I gazed at the gibbous moon gleaming low in the afternoon sky. I was on a south-flying plane looking east over the cobalt Caribbean. From 38,000 feet the sea seems as static as a painting; the rippled surface, flecked by bright white wave crests, appears fixed like stone. The sporadic clouds cast a patchwork of dark size-less shadows onto the water. The daytime sky looks different from high altitude, the blue purer, the dome of the sky a darker azure than can ever be seen from the ground. When I travel by plane I always feel like my fellow passengers and I are nowhere, lost for a time between origin and destination. We’re not where we started or where we’re going. This perception is powerful during night flights, especially over water, where only blackness can be viewed from the windows. But it’s true during the day as well; flying high above the world, detached from the slow fade of the terrestrial reality far below. And it’s emphasized when the place left behind and the place traveled to are drastically different – as they were today.

Our 757 took off from Atlanta, the world’s busiest airport, on a sub-freezing January morning. We would soon be landing at a notably quiet runway, and into the endless tropical summer. My girlfriend and I were taking a vacation to the tiny island nation of St. Lucia. This would be my first time in the Caribbean, the first time staying at an “all-inclusive” resort, and I was eager for the experience. We had flown over Puerto Rico a half hour earlier and were already settled into our gradual descent. French Martinique was green and beautiful below. Then St. Lucia appeared. Our flight path was taking us right over the island – northwest to southeast. We were lower now and I had a good view of the island, so modest in size that I could almost take it all in: the semi-dense development in the northwest; a three-masted sailboat in the cove of Pigeon Island; a cruise ship nestled into Castries’ (the capital) small harbor; bright blue water and light sand along the Caribbean coast; the green, lush, empty, rugged interior; a fleeting glimpse of the strange, picturesque, and famous pyramids of the Pitons in the southeast; and finally our figure-eight descent into Hewanorra International Airport at the south end of the island.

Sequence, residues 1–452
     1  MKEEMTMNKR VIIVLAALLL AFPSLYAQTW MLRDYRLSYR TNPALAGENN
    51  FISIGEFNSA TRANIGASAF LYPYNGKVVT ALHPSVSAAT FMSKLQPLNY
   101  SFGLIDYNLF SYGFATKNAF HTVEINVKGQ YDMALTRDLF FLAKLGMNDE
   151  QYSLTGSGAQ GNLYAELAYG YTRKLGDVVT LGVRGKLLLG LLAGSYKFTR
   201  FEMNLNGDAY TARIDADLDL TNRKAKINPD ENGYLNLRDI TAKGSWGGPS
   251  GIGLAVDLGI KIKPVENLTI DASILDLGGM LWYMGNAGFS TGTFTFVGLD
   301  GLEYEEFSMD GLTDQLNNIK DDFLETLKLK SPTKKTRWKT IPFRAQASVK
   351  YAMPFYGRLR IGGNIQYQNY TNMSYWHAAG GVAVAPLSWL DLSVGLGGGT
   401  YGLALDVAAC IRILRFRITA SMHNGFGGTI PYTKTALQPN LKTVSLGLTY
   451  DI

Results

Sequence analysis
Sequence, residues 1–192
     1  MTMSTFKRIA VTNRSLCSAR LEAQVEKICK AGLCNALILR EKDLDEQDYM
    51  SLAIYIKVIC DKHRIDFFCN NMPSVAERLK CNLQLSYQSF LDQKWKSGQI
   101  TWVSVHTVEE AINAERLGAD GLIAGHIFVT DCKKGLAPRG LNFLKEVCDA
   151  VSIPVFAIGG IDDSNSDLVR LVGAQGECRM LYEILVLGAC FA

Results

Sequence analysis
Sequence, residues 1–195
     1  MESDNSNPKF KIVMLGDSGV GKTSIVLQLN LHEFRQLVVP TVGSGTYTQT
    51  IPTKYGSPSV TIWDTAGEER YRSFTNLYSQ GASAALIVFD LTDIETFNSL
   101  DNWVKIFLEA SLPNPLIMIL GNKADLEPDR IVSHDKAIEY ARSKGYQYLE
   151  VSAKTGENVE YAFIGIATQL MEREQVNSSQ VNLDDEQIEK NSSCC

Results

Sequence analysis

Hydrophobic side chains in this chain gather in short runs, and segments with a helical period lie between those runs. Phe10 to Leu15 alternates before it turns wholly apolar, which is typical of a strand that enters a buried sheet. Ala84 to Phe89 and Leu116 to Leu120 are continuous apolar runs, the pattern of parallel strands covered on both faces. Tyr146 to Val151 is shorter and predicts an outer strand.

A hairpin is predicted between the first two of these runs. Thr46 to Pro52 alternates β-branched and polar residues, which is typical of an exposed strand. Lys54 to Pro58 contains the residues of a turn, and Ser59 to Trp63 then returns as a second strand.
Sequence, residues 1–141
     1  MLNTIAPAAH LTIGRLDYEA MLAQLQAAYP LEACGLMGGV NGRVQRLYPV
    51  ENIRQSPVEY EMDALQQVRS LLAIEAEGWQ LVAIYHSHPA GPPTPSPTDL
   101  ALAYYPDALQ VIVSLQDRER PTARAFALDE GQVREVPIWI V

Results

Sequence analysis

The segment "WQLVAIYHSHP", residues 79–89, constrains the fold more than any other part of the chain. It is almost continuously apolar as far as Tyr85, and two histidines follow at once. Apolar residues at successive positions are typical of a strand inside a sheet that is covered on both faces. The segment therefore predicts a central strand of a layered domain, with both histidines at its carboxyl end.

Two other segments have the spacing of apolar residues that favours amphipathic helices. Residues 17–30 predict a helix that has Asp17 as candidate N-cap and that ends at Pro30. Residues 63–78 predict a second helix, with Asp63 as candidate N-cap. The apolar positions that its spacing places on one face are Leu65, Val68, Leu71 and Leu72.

St. Lucia
St. Lucia is a dot in the ocean. It is one of the many Windward Islands of the Lesser Antilles, and lies smack in the path of the easterly trade winds. If you’ve never experienced the trade winds, as I hadn’t until I stepped off the plane onto the Hewanorra tarmac, imagine a 15 mph breeze – that never stops; a giant planet fan stuck in the on position. It’s no wonder sailors of old used these winds to cross the Atlantic. The island is just 258 square miles, just a tad larger than Chicago, and is home to a little more than 170,000 people. There are only 17 countries smaller in size and only 18 with fewer people (in both cases many of those smaller, less populated countries are fellow Caribbean islands). The country has a colorful history after European settlement in the mid-seventeenth century, changing hands between the British and French fourteen times (seven each), until the British established firm control following Napoleon’s first abdication and exile. The island remained under the Union Jack until gaining late independence from the disintegrating British Empire in 1979. That makes the country just a little older than me, and it remains in the Commonwealth of Nations. Upon viewing the Queen’s face [1] on the East Caribbean dollar – the official currency of St. Lucia and surrounding countries – I said to a local: “I see the Queen is still on your currency,” in a casual effort to gauge the local attitude towards their former rulers. I received a matter-of-fact explanation that the country was part of the Commonwealth, which didn’t tell me much.